“The Master Chief Collection is a unique opportunity to explore the development of the Xbox’s most important IP”
As with Halo: CE Anniversary, the ability to transition between the original visuals and sound effects returns, though it is now an instant transition instead of the irritating fade-to-black switch from before. Admittedly, we spent a fair amount of time going between the two and would often find ourselves sat in 2004’s graphics without realising it. The outdoor environments look poor in comparison to lavish indoor structures, while we are still convinced the original Martin O’Donnell score and lo-fi sound effects help drag you unequivocally into Halo’s world and Master Chief’s intergalactic struggle than 343i’s re-recorded efforts.

Still,  Halo 2: Anniversary presents something of an interesting quandary. While it’s undoubtedly the most fun and enjoyable game in the franchise, it’s still marred by a disappointing structure and narrative. Those legacy Halo fans with us will no doubt recall the infuriating cliffhanger from Halo 2 the first time out and experiencing that all over again was akin to a friend inadvertently dredging up uncomfortable memories from your past before making a sharpish move for the door. The blow is softened somewhat by not having to wait three years to finish the fight you can jump into Halo 3 within seconds now, of course not to mention the sensational new cutscenes from Blur Studios, which go a long way to making  Halo 2 feel more epic and cinematic than ever before.

When it comes to Halo it's easy to ignore its over ambitious narratives, because the core of the game it's tight gunplay, it's 30 seconds of fun mantra still holds up to this day. It’s even easier to explore and enjoy the content thanks to the unified and ambitious menu system. Jesus, look at us gushing over a goddamn  menu system, but it means for the first time you can effortless hop between Halo’s greatest encounters. The Master Chief Collection even presents playlists build around specific themes, levels and encounters. It’s a wonderful way to experience the evolution of Halo and now here is this more apparent than in the collection’s ridiculous collection of multiplayer maps, modes and matchmaking set-ups.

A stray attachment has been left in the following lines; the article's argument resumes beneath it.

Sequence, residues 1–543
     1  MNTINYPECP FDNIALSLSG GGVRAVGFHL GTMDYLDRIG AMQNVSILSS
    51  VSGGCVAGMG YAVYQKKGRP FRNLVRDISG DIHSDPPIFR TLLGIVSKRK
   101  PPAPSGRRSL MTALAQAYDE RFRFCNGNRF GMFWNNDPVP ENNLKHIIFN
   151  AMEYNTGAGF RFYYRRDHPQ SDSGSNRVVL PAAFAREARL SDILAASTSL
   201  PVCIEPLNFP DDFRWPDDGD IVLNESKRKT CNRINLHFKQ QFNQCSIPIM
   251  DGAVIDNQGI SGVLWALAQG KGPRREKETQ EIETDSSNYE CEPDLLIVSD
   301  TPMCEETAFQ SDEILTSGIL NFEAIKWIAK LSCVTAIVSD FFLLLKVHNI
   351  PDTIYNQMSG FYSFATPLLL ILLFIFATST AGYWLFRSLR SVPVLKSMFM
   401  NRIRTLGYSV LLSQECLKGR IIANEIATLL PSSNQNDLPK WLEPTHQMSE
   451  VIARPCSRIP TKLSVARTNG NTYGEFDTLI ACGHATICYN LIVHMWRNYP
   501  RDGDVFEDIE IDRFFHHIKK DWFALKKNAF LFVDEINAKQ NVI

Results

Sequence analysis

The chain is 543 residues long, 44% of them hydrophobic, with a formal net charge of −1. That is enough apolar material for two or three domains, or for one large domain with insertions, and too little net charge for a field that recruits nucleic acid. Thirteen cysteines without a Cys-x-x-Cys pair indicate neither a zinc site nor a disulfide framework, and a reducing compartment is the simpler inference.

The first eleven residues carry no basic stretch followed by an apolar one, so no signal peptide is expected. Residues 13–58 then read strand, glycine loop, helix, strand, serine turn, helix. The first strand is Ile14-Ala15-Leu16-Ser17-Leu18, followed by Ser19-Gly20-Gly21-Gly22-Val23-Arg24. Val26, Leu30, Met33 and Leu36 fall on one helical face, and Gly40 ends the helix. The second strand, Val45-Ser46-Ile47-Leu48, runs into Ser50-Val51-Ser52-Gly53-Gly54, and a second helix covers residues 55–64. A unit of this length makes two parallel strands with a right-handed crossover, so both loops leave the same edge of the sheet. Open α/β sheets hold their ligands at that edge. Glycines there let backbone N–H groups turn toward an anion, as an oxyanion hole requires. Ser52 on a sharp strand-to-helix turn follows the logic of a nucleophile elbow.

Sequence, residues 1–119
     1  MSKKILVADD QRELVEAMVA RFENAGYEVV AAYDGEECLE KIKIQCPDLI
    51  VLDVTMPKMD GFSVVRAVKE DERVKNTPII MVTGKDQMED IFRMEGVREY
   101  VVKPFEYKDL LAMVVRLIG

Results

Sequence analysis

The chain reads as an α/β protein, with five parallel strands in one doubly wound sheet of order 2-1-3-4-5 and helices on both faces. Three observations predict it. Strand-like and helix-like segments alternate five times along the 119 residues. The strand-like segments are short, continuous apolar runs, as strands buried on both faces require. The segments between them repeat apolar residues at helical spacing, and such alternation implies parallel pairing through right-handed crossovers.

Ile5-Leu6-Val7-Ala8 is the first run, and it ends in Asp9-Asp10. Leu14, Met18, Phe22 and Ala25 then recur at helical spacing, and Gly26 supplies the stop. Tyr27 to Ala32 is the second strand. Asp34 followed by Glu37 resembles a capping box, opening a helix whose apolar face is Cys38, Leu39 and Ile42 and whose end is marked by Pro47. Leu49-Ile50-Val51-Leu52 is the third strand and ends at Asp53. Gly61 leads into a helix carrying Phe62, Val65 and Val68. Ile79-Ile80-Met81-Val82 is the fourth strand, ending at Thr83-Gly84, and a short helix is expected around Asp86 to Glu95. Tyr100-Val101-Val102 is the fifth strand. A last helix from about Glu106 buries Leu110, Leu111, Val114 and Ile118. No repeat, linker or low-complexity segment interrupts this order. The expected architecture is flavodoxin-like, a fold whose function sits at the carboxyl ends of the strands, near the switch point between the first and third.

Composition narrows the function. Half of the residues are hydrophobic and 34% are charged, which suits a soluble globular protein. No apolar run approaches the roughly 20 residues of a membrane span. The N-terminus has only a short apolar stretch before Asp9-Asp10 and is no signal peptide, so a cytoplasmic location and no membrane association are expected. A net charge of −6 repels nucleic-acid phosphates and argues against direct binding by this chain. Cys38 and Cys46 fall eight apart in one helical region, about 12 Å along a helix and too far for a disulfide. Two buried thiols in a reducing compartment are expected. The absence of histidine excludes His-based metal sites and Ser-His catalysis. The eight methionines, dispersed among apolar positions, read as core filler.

With every multiplayer map from across the series included, it’s the ultimate trip down a bloodstained memory lane. Just like the campaign,  Halo 2’s multiplayer still feels fantastic in 60fps. The maps, in particular, are still some of the best to grace Xbox Live they are a testament to how unchallenged Bungie was in multiplayer design back in 2004. What will be interesting over the coming weeks is to see where fans divert their attention with so much choice.

Halo: CE introduces maps into play that many gamers would never have played, but it’s impossible to overlook how unbalanced the guns were back then.  Halo 3 still feels as fun and chaotic to play as it did in 2007, while  Halo 4 still feels like a misstep for the franchise as it introduced loadouts and sprinting into the otherwise balanced Halo multiplayer experience.

The Anniversary maps are also something of a letdown six classic  Halo 2 maps rebuilt in a brand new Halo engine designed for Xbox One as they don’t feel as balanced or solid as the originals. Movement feels restricted, the weapon balance not nearly as tight. We’d say it was down to our rose-tinted glasses, but with the six original maps but a button press away, it’s easy to make the comparison and even easier to see them as lacklustre.

Still, Halo: The Master Chief Collection is a must own package for any FPS fan. For the seasoned  Halo fan it’s a great trip down memory lane, and for the new blood it’s a great primer before Halo 5: Guardians lands in 2015. Hail to the Chief, he’s still the king when it comes to FPS action on Xbox. Halo: The Master Chief Collection gave us the chance to finish the fight all over again, and we couldn't be happier.